strike. We said that we were bringing our children to our school’s strike
line the next day to support our teachers and to teach our children what it
means to stand up for yourself in a democracy. We criticized the mayor for
supporting test-based pay since tying teachers’ performance to high-stakes
tests forces them to narrow the curriculum and teach to the test. We also
trashed the mayor’s assertion that class size doesn’t matter and asked if
the mayor would want classes of thirty-five or more for his own children.…
The interview was absolutely nerve-racking, but when it was over, we were
happy that we were able to send that message. As soon as the camera was
turned off, the reporter got word from his producer that he “blew it.”
Apparently, we were supposed to portray the inconvenienced parents upset
with striking teachers. The news producer wanted us to blame the teachers
for this impasse in this contract fight, but we did not. We did not play by
the rules of their blame game.… |

*The Chicago Teachers’ Strike and

*Strategic Considerations*
David Kaplan

Last September’s Chicago teachers’ strike raises critical strategic
questions for all progressives and socialists seeking to resist the
relentless neoliberal austerity attacks against working people and their
communities.… [While in many ways it was a success,] it must be frankly
recognized that the CTU’s contract campaign, which culminated in the seven
day strike, fell short of achieving its ambitious goals at the contract
table. In particular, it was unable to: significantly slow the mayor’s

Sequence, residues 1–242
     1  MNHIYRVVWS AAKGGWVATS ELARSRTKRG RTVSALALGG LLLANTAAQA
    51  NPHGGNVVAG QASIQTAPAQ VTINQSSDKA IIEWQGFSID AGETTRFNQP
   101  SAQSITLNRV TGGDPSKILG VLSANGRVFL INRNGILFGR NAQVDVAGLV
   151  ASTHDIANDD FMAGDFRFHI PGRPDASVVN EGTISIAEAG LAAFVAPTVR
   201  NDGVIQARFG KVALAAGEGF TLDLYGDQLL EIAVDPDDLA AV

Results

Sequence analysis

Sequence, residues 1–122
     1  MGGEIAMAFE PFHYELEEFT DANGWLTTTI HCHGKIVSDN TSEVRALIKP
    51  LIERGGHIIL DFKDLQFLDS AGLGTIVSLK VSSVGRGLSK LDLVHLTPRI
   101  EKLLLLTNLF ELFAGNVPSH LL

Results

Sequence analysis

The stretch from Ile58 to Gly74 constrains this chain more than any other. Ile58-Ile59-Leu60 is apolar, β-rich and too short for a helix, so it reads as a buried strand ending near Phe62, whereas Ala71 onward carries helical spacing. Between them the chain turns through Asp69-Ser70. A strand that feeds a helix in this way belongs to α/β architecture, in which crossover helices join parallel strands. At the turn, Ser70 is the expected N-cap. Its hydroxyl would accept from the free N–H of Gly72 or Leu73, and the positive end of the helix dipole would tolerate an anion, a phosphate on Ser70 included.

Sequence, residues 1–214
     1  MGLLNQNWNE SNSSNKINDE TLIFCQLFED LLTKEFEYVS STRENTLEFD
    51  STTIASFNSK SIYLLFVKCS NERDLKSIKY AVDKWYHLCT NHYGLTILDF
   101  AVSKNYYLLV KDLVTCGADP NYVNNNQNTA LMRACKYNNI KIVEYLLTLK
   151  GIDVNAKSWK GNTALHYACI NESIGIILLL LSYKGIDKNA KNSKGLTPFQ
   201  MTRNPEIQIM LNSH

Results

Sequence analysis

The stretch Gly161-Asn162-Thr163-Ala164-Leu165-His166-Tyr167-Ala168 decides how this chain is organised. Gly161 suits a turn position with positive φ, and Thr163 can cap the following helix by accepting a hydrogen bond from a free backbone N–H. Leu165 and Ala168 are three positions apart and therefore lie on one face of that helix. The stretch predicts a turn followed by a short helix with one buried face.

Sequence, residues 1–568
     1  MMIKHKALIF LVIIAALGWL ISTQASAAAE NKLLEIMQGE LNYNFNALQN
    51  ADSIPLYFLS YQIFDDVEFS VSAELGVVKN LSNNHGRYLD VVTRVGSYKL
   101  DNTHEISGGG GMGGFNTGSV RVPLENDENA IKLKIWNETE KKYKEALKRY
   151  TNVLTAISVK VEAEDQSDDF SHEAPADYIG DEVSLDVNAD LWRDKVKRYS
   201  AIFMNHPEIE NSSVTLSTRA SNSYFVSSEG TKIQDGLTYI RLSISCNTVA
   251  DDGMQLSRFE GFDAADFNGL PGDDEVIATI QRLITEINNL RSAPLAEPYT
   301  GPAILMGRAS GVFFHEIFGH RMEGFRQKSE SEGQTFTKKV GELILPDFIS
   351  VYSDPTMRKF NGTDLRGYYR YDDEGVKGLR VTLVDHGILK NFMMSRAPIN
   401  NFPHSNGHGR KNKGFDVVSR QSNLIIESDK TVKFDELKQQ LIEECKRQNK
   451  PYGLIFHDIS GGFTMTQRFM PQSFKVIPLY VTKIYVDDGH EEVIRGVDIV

crusade to close scores of schools; halt district funding for mostly
non-union, privately run charter schools; stop the lengthening of the
school day and year without adequate employee compensation; or prevent the
establishment of a teacher evaluation system based to an important degree
on unreliable student scores on standardized tests. These less-than-optimal
results deserve serious analysis, especially in light of the local’s
herculean efforts to transform CTU from a classic, conservative business
union to a progressive, even radical, organizing union. Could the strike
have achieved more if other strategic choices had been made? Were some
demands simply unwinnable?… |

*When “Teachers Want What Children

*Reconciling Tensions in Teachers’ Work and Teacher Unionism*
Lois Weiner

“Teachers want what children need—or do they?” Questioning—and
rejecting—the slogan used by the American Federation of Teachers (AFT) to
fight for collective bargaining in the 1960s, David K. Cohen, a contributor
to *Socialist Revolution*, in 1969 dismissed the progressive potential of
teachers’ unions. This article revisits the AFT’s slogan and Cohen’s
question, examining tensions between “what teachers want” and “what
children need.” The history of U.S. teacher unionism supports the argument
that when teachers’ unions adopt a “social movement” orientation and press
against the confines of the scope of bargaining embedded in
collective-bargaining agreements, the unions minimize tensions between
teachers’ rights to organize as workers in defense of their material
interests and the unique political and social responsibilities of their
work.… | more

*Marketizing Schools*
Doug Henwood
* and *Liza

Though the U.S. ruling class is divided on some issues—how quickly to
attack Iran, how much to cut Social Security and Medicare, whether
homosexuals should be tolerated or treated as the spawn of Satan—they are
united on one thing: the need to “reform” the public school system.
“Reform” means more tests, more market mechanisms, and fewer teachers’
unions.… The agenda has deep bipartisan roots.… |